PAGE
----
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Atlantic Division scouting report: Red Wings

08.22.13 at 2:43 pm ET

This season will be the first with the NHL’s realigned conferences and divisions, meaning the days of the Northeast Division are over and the Bruins will have some new rivals in the Atlantic Division. Over the coming days, will look at the Bruins’ divisional opponents, new and old.

We’ll start by looking at the only team in the Atlantic that’s coming over from the old Western Conference, which is the Red Wings. The Bruins will play Detroit four times this season, with two of their first five games of the season coming against the Red Wings.

Under the new format of the NHL, the top three teams from each division make the playoffs, with the two teams with the next-highest point totals getting the final two spots. Detroit shouldn’t worry about grabbing one of those two extra spots, as they figure to contend for one of the top two or three berths in the division.


A perennial contender with a lot of skill on offense. They finished 20th in scoring in a shortened season that general managers throughout the league have said was impossible to properly assess, but they finished seventh in the league with 2.92 goals per game in 2011-12 and second with 3.13 goals per game in 2010-11. The additions of Daniel Alfredsson and Stephen Weiss should help them move away from last year’s relatively low offensive output and get back near the top of the league in the scoring department.

No team can truly recover from losing Nicklas Lidstrom, which the Wings did prior to last season, but Detroit still finished with 2.29 goals allowed per game in 2013, which was fifth-lowest in the league. They can thank steady defenseman Niklas Kronwall, who has played in every game the last two seasons, and former UMaine goaltender Jimmy Howard for that.

All in all, the Red Wings are a balanced team that shouldn’t expect its very lengthy playoff streak (see below) come to an end any time soon. They should challenge the likes of the Bruins and Canadiens for the top spot in the division in the coming years.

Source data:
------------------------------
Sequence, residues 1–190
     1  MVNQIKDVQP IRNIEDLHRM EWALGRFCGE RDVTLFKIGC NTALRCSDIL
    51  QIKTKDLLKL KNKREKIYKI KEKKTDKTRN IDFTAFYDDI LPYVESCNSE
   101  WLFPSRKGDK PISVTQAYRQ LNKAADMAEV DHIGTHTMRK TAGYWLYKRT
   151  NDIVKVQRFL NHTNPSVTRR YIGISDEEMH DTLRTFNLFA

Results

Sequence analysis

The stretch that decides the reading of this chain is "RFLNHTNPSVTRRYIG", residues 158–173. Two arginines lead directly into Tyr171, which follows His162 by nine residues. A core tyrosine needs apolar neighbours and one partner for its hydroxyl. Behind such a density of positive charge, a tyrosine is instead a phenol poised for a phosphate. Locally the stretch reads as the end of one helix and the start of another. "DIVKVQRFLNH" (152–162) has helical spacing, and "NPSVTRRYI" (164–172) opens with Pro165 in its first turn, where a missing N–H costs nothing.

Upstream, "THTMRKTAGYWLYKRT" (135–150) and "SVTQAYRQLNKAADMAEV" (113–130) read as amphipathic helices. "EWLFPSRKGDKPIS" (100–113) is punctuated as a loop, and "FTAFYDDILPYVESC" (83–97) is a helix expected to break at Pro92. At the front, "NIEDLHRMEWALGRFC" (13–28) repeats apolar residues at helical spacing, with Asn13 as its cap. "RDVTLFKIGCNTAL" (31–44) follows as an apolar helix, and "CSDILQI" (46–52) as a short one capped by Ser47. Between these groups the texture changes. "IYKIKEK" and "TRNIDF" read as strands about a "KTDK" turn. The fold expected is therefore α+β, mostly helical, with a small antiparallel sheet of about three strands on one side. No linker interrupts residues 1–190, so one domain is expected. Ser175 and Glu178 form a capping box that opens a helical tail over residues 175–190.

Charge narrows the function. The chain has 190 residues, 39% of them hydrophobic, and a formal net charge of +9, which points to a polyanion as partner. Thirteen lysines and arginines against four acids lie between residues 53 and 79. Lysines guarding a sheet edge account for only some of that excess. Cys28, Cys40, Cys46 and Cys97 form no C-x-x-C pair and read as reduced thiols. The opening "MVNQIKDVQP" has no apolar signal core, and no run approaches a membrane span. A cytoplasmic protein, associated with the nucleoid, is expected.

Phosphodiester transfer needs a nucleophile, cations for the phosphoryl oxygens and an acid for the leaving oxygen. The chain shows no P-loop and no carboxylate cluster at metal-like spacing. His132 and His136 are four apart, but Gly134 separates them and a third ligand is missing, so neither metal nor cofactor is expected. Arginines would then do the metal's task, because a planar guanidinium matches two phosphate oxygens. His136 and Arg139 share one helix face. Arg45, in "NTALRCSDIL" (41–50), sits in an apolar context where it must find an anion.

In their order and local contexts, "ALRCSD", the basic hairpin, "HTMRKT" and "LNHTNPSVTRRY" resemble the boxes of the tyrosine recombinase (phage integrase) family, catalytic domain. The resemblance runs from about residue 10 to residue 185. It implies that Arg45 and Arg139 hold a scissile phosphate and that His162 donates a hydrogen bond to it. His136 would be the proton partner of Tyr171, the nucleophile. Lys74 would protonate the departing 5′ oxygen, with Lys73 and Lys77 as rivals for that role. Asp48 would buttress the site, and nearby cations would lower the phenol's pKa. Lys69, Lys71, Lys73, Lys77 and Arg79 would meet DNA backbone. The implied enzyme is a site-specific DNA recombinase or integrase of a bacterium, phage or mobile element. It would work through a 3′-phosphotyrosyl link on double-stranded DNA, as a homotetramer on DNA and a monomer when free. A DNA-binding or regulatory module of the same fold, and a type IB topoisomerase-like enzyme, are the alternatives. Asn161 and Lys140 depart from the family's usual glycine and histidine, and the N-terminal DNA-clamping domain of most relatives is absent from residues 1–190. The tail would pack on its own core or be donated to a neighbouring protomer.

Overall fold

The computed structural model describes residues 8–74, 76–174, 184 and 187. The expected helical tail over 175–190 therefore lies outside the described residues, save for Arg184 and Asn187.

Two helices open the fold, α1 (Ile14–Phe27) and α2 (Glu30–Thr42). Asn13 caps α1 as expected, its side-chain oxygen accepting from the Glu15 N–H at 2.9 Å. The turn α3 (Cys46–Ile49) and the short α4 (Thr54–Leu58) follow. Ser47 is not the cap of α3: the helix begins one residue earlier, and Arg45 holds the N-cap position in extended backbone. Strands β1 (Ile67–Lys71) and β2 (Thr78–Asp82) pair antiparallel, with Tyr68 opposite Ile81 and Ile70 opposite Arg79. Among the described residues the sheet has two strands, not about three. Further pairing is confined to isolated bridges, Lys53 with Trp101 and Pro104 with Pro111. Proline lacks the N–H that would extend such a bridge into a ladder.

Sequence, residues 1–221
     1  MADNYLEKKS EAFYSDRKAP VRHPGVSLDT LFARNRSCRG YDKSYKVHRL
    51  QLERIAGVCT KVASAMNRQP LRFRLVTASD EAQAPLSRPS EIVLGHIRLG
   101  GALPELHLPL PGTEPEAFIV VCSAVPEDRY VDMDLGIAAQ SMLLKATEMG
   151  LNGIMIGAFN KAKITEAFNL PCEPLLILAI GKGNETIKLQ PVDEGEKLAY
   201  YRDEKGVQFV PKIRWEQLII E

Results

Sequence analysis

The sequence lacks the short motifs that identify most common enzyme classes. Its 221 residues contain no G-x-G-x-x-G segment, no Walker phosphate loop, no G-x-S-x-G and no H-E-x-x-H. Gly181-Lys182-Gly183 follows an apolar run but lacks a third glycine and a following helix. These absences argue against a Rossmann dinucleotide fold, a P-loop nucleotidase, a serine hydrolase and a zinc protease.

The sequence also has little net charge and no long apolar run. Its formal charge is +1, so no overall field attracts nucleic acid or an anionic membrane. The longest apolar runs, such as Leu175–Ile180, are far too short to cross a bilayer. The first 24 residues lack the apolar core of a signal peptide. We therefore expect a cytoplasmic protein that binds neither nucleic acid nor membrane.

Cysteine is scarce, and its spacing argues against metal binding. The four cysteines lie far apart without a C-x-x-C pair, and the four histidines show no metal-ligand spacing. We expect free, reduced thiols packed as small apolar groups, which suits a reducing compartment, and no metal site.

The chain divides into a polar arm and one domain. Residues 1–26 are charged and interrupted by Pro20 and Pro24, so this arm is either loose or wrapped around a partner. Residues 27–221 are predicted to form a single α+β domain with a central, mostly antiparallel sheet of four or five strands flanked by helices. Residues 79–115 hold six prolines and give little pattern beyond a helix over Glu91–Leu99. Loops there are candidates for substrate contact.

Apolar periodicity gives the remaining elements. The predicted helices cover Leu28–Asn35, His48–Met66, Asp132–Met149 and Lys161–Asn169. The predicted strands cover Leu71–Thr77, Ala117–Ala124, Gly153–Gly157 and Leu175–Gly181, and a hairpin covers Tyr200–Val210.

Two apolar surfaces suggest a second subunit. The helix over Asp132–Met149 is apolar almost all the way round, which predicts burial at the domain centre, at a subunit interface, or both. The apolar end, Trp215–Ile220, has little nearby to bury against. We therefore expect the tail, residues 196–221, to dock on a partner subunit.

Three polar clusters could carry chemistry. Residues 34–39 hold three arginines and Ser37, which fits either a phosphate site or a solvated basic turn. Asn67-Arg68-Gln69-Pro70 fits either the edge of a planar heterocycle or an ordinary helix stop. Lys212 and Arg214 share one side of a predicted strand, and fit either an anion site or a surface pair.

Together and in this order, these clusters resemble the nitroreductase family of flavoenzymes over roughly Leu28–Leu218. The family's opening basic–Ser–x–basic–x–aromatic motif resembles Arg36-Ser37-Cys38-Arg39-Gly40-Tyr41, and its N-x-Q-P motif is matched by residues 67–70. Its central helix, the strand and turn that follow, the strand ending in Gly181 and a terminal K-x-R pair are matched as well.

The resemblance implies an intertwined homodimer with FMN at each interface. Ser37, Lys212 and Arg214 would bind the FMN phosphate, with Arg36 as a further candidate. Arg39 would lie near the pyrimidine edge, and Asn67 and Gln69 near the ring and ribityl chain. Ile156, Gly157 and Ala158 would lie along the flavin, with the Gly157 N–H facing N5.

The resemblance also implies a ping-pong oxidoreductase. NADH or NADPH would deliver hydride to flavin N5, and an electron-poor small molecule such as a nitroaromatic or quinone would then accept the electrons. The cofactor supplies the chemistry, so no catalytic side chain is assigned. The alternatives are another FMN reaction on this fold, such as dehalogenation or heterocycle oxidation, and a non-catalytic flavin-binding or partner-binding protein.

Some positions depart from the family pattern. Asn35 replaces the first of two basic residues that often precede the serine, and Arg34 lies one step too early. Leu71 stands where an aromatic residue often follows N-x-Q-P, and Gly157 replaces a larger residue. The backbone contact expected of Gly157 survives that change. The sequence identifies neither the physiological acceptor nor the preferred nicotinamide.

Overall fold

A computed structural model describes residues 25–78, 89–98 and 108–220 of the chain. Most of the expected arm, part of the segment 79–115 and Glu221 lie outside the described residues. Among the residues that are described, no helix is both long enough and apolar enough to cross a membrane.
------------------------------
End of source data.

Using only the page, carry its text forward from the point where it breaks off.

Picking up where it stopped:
The Red Wings finished third in the Central Division in 2013. In clinching the seven seed, they made the playoffs for the 22nd consecutive season, a span that has seen four Stanley Cup championships for Detroit.

As for the Red Wings’ stay in the playoffs, one can’t help but wonder how it affected the Bruins’ bid for the Stanley Cup. After eliminating the second-seeded Ducks in the conference quarterfinals, Detroit took the eventual champion Blackhawks to the brink of elimination by taking a 3-1 series. The Blackhawks marched back to win the series, with Brent Seabrook notching the dagger in overtime of Game 7 to eliminate the Red Wings.


Before free agency started, the Red Wings gave Pavel Datsyuk a three-year extension. The prize of Detroit’s offseason was Alfredsson, who chose the Red Wings’ group of Swedish players (Henrik Zetterberg, Johan Franzen and Kronwall, among others) over the Bruins’ perceived better shot at the Stanley Cup. The contract is for $5.5 million, but because he is over 35, the sides were able to structure a team-friendly deal (a la Jarome Iginla with the Bruins) with a $3.5 million cap hit and an additional $2 million for an easily attainable bonus (10 games played).

The Red Wings also brought in Weiss, the longtime Panthers forward, with a five-year, $24.5 million deal. Their biggest loss was forward Valtteri Filppula, who left Detroit in free agency for a big payday with the Lightning in the form of a five-year, $25 million deal.


‘€¢ The Red Wings and Bruins have met 579 times, with the Red Wings holding the edge with 249 wins, 234 losses, 95 ties and one overtime loss.

The last time the teams met, Detroit beat the B’s in a shootout the day after Thanksgiving in 2011. The game snapped a 10-game winning streak for the Bruins. Datsyuk scored this goal.

‘€¢ Speaking of Datsyuk, he’s super awesome at hockey. It will be a treat for hockey fans to see the three-time Selke winner in the division, with Patrice Bergeron also contending for the award as the league’s top defensive forward each year (he won it 2011-12).

During a playoff game in 2012, Pierre McGuire called David Krejci “Boston’s version of Pavel Datsyuk.” Krejci called Datsyuk the best player in the world, while Zdeno Chara thought highly enough of him to make him his first pick in the 2012 fantasy draft to determine All-Star Game teams.

‘€¢ The Red Wings’ 22-season playoff streak is the fifth-longest in the history of the NHL. The longest such streak was by the Bruins, who reached the playoffs in 29 straight seasons from 1967 to 1996.

Detroit’s streak is the longest active one. The next-longest is that of the Sharks, who have made the playoffs in nine straight seasons. The B’s have been in the postseason for the last six seasons, which is tied for the fourth-longest active streak.

‘€¢ The presence of the Red Wings in a division with the Bruins, Canadiens and Maple Leafs makes the Atlantic the most Original 6 heavy division with four such teams. The Rangers are in the Metropolitan Division, while the Blackhawks (Central) are now the only Original 6 team in the Western Conference.

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